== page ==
15 March 2018

70 years ago the world came together to set down the Universal Declaration of Human Rights, the rights we should all enjoy simply because we are human. This year we'll be celebrating universal human rights, and bringing them home in the Human Rights Act which also marks its 20th anniversary. Join us in the celebrations and sign our digital birthday card for universal human rights here. Read on to learn more about what these rights mean in our everyday lives...

The right to life was set down in Article 3 of the UDHR, and is now protected in UK law through Article 2 of the Human Rights Act. 

The Human Rights Act protects your right to life: this means that public officials cannot deliberately take your life. Public officials also have to take reasonable steps to protect your life, if they know (or should know) that your life is at real and immediate risk. The Human Rights Act also means that public officials have to fulfil your right to life by investigating when officials may have been involved in a death or failed to act. 

Most of the time, the right to life is an absolute right, which means that it can never be limited or restricted. There are very limited circumstances, however, where police or armed forces personnel may take a person's life in the course of a particular action, which was necessary to protect the lives of others, and this right will not be breached.

In real life: protecting patients at risk of taking their own life

Melanie Rabone was 24 years old and voluntarily admitted herself to a mental health hospital after she had attempted to take her own life. She was assessed as being at high risk of suicide, and whilst on leave from the hospital took her own life.

Her family took a human rights case to court, and the court ruled that the hospital had failed in their duty to protect Melanie’s right to life. The hospital had a duty to take reasonable steps to protect Melanie’s life, including by detaining her under the Mental Health Act to try and prevent her suicide.

(Rabone v Pennine Care NHS Foundation Trust, 2012)

In real life: challenging arbitrary use of DNR orders

Andrew was a 51-year old man with Down’s syndrome and dementia. During a hospital stay, he had a ‘Do Not Resuscitate’ order (an instruction to the medical team not to attempt resuscitation if he fell unconscious) put on his file without him or his family being consulted. The reasons written on the order by the doctor were: “Down’s syndrome, unable to swallow... bed bound, learning difficulties”.

As Andrew's life was at stake, he was able to challenge this as a risk to his right to life (and also as discrimination). He started a human rights legal case but it was settled out of court and the NHS Trust apologised.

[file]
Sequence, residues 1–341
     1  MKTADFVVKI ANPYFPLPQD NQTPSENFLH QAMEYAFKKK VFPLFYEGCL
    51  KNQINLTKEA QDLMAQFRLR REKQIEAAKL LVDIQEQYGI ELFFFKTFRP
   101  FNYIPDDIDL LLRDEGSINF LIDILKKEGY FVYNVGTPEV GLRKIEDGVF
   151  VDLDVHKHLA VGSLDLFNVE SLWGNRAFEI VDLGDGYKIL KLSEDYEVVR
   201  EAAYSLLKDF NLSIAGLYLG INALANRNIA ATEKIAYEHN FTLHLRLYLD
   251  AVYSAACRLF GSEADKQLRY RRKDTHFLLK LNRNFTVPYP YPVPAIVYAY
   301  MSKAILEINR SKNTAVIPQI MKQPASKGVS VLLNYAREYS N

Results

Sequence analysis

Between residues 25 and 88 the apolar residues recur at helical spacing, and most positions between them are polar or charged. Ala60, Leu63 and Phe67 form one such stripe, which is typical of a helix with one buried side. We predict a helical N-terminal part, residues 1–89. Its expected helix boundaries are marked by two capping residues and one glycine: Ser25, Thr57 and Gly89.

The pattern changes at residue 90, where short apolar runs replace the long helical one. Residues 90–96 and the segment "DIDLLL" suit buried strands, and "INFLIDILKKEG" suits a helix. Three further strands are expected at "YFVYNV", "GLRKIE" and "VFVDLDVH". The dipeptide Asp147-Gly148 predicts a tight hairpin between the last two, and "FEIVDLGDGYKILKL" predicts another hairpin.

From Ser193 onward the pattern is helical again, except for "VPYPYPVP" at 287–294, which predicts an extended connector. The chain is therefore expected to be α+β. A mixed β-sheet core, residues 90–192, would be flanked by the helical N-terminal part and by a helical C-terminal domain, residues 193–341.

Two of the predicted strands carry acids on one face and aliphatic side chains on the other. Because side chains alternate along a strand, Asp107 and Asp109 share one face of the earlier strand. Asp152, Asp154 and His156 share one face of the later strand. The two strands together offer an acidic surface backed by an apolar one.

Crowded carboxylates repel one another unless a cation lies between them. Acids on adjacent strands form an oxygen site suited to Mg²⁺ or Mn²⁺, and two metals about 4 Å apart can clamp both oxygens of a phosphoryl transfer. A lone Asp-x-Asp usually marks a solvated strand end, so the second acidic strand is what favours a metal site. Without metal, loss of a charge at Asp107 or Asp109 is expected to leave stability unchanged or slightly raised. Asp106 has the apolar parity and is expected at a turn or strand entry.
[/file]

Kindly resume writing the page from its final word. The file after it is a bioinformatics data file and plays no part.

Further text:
(Real-life story)

In real life: accessing life-saving treatment

Bryn was 60 years old and lived in supported accommodation. He had learning disabilities which could make communication difficult. Staff noticed Bryn wasn’t lying down to go to sleep, but was sleeping sitting up in a chair. As this can be an indication of a heart condition, staff at the home called a doctor from the local NHS surgery who came to visit Bryn.

A meeting of people involved in Bryn’s care was called, where the doctor stated that because Bryn 'had a learning disability and no quality of life' he would not organise a heart scan for Bryn. Bryn had an Indepedent Mental Capacity Advocate, who had received training on human rights from BIHR. Bryn's advocate challenged the doctor’s decision at the meeting by raising Bryn’s right to life (and his right to be free from discrimination, protected by Article 14 in the Human Rights Act). The advocate asked the doctor if he would arrange a heart scan if anyone else in the room was in this situation, and the GP said yes he would.

This led to a change in decision and it was agreed that Bryn would have a heart scan.

(Real life example from Solent Mind, participants in BIHR’s Care and Support project)

Take action, join in!

Show your support and sign our digital 70th birthday card for universal human rights here - it's a quick and simple way to have your voice heard and join others across the UK.

Remember we're running a digital campaign between 14 - 23 March; follow the discussion on social media using #MarchforHumanRights and #celebrating70. We'd love for you to join the conversation, especially our #rightschat taking place on Twitter on Friday 16 March between 12-1.30pm.

Check out our 70 years of universal human rights hub for more ways to join in.